San Diego is a major city in California, United States. It is in San Diego County, on the coast of the Pacific Ocean in Southern California, approximately 120 miles (190 km) south of Los Angeles and immediately adjacent to the border with Mexico.
With an estimated population of 1,419,516 as of July 1, 2017, San Diego is the eighth-largest city in the United States and second-largest in California. It is part of the San Diego–Tijuana conurbation, the second-largest transborder agglomeration between the US and a bordering country after Detroit–Windsor, with a population of 4,922,723 people. The city is known for its mild year-round climate, natural deep-water harbor, extensive beaches, long association with the United States Navy, and recent emergence as a healthcare and biotechnology development center.
San Diego has been called “the birthplace of California”. Historically home to the Kumeyaay people, it was the first site visited by Europeans on what is now the West Coast of the United States. Upon landing in San Diego Bay in 1542, Juan Rodríguez Cabrillo claimed the area for Spain, forming the basis for the settlement of Alta California 200 years later. The Presidio and Mission San Diego de Alcalá, founded in 1769, formed the first European settlement in what is now California. In 1821, San Diego became part of the newly independent Mexico, which reformed as the First Mexican Republic two years later. California became part of the United States in 1848 following the Mexican–American War and was admitted to the union as a state in 1850.
The city is the seat of San Diego County and is the economic center of the region as well as the San Diego–Tijuana metropolitan area. San Diego’s main economic engines are military and defense-related activities, tourism, international trade, and manufacturing. The presence of the University of California, San Diego (UCSD), with the affiliated UCSD Medical Center, has helped make the area a center of research in biotechnology.
The city had a population of 1,307,402 according to the 2010 census, distributed over a land area of 372.1 square miles (963.7 km2). The urban area of San Diego extends beyond the administrative city limits and had a total population of 2,956,746, making it the third-largest urban area in the state, after that of the Los Angeles metropolitan area and San Francisco metropolitan area. They, along with the Riverside–San Bernardino, form those metropolitan areas in California larger than the San Diego metropolitan area, which had a total population of 3,095,313 at the 2010 census.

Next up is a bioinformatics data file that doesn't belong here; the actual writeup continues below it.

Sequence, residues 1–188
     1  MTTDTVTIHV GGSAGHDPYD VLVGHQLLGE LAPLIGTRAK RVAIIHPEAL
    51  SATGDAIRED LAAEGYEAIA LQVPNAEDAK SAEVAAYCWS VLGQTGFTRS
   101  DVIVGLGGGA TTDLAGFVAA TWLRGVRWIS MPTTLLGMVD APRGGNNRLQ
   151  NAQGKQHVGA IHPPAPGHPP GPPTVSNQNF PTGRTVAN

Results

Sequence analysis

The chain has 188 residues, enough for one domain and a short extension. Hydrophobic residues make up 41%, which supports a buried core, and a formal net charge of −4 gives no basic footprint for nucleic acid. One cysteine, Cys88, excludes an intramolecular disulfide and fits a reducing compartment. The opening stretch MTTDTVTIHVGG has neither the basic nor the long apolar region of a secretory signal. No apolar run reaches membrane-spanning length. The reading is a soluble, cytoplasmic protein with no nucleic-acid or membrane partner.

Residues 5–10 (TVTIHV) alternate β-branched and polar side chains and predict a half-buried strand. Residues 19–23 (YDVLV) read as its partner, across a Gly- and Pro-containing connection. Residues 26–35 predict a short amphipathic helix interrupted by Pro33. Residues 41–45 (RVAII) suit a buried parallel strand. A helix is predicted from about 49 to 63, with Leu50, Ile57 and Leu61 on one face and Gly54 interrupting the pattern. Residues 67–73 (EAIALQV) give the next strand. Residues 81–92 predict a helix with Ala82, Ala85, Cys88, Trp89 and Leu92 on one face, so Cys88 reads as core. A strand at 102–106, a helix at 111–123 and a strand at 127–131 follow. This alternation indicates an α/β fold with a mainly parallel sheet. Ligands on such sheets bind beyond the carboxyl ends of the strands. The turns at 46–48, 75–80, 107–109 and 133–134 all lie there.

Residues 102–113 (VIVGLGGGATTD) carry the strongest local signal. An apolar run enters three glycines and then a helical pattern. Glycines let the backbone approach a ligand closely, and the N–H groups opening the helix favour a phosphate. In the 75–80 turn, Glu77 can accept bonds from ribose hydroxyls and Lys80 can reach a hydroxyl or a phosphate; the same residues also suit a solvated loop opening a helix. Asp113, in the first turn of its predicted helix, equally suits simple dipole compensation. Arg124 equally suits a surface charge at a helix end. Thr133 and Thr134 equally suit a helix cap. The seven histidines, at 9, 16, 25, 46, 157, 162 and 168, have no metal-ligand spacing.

The 2010 population represents an increase of just under 7% from the 1,223,400 people, 450,691 households, and 271,315 families reported in 2000. The estimated city population in 2009 was 1,306,300. The population density was 3,771.9 inhabitants per square mile (1,456.3/km2). The racial makeup of San Diego was 58.9% White, 6.7% African American, 0.6% Native American, 15.9% Asian (5.9% Filipino, 2.7% Chinese, 2.5% Vietnamese, 1.3% Indian, 1.0% Korean, 0.7% Japanese, 0.4% Laotian, 0.3% Cambodian, 0.1% Thai). 0.5% Pacific Islander (0.2% Guamanian, 0.1% Samoan, 0.1% Native Hawaiian), 12.3% from other races, and 5.1% from two or more races. The ethnic makeup of the city was 28.8% Hispanic or Latino (of any race); 24.9% of the total population were Mexican American, and 0.6% were Puerto Rican. Median age of Hispanics was 27.5 years, compared to 35.1 years overall and 41.6 years among non-Hispanic whites; Hispanics were the largest group in all ages under 18, and non-Hispanic whites constituted 63.1% of population 55 and older.
As of December 2012, San Diego has the third-largest homeless population in the United States; the city’s homeless population has the largest percentage of homeless veterans in the nation. The population of homeless veterans in San Diego has been reduced to 1,150 people in 2016, from 2,100 in 2009.
In 2000 there were 451,126 households, out of which 30.2% had children under the age of 18 living with them, 44.6% were married couples living together, 11.4% had a female householder with no husband present, and 39.8% were non-families. Households made up of individuals account for 28.0%, and 7.4% had someone living alone who was 65 years of age or older. The average household size was 2.61, and the average family size was 3.30.
The U.S. Census Bureau reported that in 2000, 24.0% of San Diego residents were under 18, and 10.5% were 65 and over. As of 2011 the median age was 35.6; more than a quarter of residents were under age 20 and 11% were over age 65. Millennials (ages 18 through 34) constitute 27.1% of San Diego’s population, the second-highest percentage in a major U.S. city. The San Diego County regional planning agency, SANDAG, provides tables and graphs breaking down the city population into five-year age groups.